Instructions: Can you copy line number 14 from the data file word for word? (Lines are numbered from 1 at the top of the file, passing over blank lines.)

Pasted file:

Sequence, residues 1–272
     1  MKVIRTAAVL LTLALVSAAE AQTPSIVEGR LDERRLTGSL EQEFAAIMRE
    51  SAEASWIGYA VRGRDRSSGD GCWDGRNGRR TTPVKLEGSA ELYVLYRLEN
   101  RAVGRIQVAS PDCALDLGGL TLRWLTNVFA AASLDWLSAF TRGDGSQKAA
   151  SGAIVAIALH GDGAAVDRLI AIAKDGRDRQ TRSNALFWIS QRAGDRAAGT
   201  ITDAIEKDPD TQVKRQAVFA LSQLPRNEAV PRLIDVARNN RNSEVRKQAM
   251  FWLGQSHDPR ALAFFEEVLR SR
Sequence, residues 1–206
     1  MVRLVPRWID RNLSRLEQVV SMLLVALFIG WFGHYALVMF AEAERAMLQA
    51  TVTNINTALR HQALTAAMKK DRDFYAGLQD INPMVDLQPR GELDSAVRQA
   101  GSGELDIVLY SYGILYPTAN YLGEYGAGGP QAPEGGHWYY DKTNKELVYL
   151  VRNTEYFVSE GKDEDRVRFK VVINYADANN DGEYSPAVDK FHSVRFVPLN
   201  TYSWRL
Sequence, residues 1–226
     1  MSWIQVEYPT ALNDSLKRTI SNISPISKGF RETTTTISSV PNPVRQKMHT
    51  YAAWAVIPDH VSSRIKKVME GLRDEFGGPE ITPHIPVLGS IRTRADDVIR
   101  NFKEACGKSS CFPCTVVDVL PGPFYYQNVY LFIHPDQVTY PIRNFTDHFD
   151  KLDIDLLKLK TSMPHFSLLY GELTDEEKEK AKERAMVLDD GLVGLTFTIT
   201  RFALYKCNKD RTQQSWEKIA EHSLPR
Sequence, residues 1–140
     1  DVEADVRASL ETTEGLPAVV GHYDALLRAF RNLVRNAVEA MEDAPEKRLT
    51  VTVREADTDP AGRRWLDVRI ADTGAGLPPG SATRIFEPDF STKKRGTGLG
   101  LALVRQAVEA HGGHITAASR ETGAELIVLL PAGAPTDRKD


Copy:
Sequence, residues 1–226